February 12, 2003
Battered by more than two years of unrest and diplomatic breakdown, peace efforts between Palestinians and Israelis remain at a low point. At SFSU a panel of four distinguished visiting scholars spoke Monday, Feb. 10, to shed light on the current situation and prospects for building peace.
The forum was titled "Is There a Diplomatic Horizon for the Israeli-Palestinian Conflict?" and was organized as part of SFSU's Year of Civil Discourse, a series of events designed to promote civility and free speech on campus regarding complex subjects such as the Middle East.
"The Sharon government has put something of a damper on this issue," said SFSU history professor Jerry Combs, the event's coordinator. The effect, Manuel S. Hassassian, executive vice president of Bethlehem University, pointed out, has been that even Palestinian and Israeli scholars have had their collaborations hampered because of Israel's military clampdown on Palestinian territories.
But the intellectuals and activists on the panel demonstrated that constructive approaches to peace still abound.
Daniel Seidemann, an Israeli land-dispute expert and a former consultant to that country's government, summarized the contradictions proponents of peace now face. "We know what final status looks like," he said, and yet "we don't have the vaguest idea of how to get there."
Two professors said the mentality of a zero-sum game, where each side's gain is at the other's expense, has pervaded the region's politics. That deeply rooted cynicism has flourished since the failure of the "constructive ambiguity" that characterized Middle East diplomacy in the 1990s. Such ambiguity, though it eased the negotiating process, often led to contradictory interpretations of agreements between the Israelis and Palestinians.
SFSU alumnus Salim Yaqub, an assistant professor of history at the University of Chicago, described the widening political morass that has surrounded recent attempts at diplomacy in the region. Although the United States has backed the "road map" proposal of 2002 to get peace negotiations restarted, he said, U.S. leaders have shown "extreme reluctance to get into the sort of fight with the Israeli government that would be necessary to bring such a resolution into being."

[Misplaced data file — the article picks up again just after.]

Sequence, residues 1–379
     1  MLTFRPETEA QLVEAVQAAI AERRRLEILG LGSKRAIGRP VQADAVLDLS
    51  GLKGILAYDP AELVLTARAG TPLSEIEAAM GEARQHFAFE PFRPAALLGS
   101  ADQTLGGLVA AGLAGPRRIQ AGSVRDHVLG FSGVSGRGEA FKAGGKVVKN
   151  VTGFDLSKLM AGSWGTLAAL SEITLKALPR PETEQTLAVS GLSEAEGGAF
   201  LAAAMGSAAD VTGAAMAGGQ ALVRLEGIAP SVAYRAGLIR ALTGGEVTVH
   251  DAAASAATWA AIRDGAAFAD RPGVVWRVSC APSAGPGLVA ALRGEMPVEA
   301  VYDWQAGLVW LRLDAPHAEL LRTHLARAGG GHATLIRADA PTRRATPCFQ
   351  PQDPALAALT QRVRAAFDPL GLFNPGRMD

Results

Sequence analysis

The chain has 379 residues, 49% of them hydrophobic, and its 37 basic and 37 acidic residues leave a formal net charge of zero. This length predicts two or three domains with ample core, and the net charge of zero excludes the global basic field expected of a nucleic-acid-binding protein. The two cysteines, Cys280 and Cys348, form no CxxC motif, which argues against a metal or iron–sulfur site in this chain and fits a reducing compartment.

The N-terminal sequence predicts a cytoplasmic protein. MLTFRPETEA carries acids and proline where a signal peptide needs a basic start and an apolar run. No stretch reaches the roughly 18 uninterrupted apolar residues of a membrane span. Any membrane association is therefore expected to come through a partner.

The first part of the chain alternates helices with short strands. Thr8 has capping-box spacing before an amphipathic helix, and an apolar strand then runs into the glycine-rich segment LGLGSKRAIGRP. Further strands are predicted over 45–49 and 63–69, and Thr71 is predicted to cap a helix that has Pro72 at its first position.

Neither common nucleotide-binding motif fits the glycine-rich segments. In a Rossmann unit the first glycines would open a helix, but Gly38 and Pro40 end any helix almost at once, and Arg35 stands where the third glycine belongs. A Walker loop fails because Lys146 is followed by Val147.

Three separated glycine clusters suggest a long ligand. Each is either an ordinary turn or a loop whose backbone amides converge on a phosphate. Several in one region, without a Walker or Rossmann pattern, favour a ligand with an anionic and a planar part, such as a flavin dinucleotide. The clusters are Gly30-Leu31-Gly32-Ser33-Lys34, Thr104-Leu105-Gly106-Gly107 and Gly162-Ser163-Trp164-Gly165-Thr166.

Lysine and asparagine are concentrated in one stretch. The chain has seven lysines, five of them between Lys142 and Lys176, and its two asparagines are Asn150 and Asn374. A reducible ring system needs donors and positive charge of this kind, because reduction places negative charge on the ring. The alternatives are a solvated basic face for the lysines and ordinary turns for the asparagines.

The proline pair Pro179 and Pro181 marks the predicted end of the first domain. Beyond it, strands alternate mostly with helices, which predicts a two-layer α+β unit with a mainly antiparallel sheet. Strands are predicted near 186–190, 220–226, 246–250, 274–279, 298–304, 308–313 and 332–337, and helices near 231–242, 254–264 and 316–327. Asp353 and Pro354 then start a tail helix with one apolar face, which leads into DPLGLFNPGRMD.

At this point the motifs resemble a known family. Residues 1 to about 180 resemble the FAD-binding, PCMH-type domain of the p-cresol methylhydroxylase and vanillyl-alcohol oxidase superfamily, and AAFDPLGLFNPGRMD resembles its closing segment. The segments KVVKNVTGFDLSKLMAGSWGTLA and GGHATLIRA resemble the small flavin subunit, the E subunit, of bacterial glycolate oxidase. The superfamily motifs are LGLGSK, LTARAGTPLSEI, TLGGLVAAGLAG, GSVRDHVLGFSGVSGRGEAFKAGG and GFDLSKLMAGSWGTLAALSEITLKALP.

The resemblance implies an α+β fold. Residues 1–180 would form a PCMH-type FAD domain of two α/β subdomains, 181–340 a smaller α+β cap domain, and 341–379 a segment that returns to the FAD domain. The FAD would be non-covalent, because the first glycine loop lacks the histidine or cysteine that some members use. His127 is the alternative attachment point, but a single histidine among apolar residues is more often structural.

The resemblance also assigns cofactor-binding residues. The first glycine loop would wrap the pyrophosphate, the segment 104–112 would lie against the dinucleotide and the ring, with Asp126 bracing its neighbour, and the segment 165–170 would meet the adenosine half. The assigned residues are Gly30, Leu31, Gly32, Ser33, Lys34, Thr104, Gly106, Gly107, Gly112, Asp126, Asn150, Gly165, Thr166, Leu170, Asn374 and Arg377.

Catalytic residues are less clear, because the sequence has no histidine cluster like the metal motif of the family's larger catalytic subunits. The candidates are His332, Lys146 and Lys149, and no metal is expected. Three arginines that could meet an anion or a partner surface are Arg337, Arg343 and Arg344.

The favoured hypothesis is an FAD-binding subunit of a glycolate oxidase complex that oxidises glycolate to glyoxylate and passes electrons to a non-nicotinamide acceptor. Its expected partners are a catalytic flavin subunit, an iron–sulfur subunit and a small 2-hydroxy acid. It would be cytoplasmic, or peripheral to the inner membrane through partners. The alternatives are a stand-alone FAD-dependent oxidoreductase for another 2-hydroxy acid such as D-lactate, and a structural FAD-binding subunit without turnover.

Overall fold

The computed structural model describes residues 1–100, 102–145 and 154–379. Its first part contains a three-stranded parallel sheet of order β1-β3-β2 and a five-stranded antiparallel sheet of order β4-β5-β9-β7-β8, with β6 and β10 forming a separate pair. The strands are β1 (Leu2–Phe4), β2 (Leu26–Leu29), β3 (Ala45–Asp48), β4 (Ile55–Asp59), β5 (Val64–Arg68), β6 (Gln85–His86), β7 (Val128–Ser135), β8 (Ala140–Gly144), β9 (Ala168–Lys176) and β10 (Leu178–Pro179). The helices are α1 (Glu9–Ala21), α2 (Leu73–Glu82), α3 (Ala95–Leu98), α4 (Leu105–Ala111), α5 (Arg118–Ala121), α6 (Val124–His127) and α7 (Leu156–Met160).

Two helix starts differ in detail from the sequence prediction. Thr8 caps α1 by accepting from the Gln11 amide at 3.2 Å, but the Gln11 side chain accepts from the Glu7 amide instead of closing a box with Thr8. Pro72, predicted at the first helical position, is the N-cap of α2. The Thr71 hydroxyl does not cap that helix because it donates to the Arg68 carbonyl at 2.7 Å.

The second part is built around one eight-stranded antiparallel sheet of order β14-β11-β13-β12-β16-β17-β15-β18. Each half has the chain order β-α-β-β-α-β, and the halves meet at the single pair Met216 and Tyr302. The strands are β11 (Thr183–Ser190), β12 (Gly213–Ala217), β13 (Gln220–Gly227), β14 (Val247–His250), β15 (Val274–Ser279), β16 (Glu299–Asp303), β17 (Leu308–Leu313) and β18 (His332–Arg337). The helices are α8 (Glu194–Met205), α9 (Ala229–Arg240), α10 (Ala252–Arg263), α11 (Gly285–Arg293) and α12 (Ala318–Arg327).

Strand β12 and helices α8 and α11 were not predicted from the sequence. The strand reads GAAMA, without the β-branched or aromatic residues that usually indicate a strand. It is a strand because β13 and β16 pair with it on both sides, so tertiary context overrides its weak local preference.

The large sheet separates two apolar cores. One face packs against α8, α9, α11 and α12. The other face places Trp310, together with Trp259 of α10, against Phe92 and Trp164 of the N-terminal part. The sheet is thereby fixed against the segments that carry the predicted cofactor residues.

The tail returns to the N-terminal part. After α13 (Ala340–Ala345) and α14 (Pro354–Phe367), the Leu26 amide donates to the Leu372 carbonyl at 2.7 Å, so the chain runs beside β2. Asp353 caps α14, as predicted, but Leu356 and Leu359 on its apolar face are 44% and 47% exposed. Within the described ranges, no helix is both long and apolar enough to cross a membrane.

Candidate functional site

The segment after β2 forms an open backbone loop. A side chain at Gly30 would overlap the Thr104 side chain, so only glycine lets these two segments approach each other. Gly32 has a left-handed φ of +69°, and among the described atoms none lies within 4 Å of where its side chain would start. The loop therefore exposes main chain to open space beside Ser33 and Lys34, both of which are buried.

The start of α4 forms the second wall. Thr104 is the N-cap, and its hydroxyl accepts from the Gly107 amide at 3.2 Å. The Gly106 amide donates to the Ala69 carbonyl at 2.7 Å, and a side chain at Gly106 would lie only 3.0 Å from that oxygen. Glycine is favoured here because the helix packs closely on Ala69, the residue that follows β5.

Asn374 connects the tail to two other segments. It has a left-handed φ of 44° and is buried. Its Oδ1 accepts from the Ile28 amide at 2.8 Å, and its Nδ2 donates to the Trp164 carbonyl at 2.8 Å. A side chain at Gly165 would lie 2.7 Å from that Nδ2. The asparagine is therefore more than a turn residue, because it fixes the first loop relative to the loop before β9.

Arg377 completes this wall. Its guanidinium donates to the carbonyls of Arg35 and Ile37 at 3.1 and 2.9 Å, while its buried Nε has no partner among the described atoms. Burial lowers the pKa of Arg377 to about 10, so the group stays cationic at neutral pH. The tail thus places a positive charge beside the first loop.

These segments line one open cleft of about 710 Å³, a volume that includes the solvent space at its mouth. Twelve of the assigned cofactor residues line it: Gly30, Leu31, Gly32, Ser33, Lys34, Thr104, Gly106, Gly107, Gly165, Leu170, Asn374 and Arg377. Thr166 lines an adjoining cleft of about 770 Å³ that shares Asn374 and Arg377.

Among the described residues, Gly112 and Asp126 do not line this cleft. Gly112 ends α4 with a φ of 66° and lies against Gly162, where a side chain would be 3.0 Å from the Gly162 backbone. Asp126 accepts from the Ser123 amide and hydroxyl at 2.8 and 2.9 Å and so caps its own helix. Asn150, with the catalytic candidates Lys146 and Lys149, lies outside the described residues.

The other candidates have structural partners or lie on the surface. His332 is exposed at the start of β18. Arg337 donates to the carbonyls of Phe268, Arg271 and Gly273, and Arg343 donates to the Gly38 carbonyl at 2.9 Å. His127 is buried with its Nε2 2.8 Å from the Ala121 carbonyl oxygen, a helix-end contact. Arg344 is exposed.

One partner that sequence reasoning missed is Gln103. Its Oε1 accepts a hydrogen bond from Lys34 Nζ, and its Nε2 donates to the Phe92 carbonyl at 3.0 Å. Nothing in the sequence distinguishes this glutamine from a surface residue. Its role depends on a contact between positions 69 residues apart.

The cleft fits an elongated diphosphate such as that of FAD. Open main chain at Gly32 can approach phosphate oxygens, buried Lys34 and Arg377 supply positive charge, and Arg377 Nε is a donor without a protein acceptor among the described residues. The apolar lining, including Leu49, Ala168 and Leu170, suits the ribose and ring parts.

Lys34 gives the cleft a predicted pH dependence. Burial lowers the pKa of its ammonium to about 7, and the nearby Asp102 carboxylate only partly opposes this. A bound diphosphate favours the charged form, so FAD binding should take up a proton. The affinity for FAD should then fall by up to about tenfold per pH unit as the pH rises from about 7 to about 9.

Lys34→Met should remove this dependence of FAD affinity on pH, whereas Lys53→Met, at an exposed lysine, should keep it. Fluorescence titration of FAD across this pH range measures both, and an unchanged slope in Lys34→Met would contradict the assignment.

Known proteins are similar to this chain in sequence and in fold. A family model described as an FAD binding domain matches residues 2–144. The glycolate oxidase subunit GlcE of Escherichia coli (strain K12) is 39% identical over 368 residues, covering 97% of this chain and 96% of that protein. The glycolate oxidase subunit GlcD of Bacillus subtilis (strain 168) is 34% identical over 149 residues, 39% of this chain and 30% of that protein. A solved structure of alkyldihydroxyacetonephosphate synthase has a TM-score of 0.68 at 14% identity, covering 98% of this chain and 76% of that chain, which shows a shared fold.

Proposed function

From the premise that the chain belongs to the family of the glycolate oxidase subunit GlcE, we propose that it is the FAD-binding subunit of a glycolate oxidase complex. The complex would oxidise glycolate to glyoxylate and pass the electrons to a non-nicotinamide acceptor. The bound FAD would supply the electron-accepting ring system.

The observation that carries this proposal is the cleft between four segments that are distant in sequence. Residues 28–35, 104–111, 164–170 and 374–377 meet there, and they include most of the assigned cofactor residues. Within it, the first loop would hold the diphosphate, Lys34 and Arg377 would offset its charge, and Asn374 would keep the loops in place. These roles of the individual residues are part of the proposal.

"There would be a fight between the Bush administration and the Israeli government; there would be a fight between the Bush administration and Congress; between the Republican Party and the Democratic Party; and within the Republican Party itself," Yaqub said. "And all of these fights would take place simultaneously."
Seidemann agreed that the "politics are against us, but history is on our side." He contrasted the "political impossibility" of the present with what he called a "historical inevitability," a suggestion that a slow momentum is building toward resolution despite the political impasse.
Menachem Klein, senior lecturer in political science at Bar-Ilan University in Tel Aviv, offered what he called a "balance sheet" on the 1993 Oslo accord and the final status talks that fell apart in 2000. Klein said that while those peace efforts sometimes were lopsided and gave veto power to radicals in both camps, they did achieve real progress on most issues, especially on establishing borders and creating parameters for Jewish settlements in contested areas. He noted that the cycles of negotiations and agreements during the 1990s also broke political taboos about which issues were open to discussion.
Part of moving forward, according to Hassassian, is to implement everyday peace-building measures, such as changing how textbooks teach about Palestinian-Israeli relations. He says too often "both sides have focused on the process and neglected the substance" of living in peace. Hassassian, a Palestinian, emphasized that the previous agreements did little to change the lives of ordinary people, creating a troubling silence on the Israeli political left and in the Palestinian mainstream and leaving political leaders vulnerable to the pressures of extremists.
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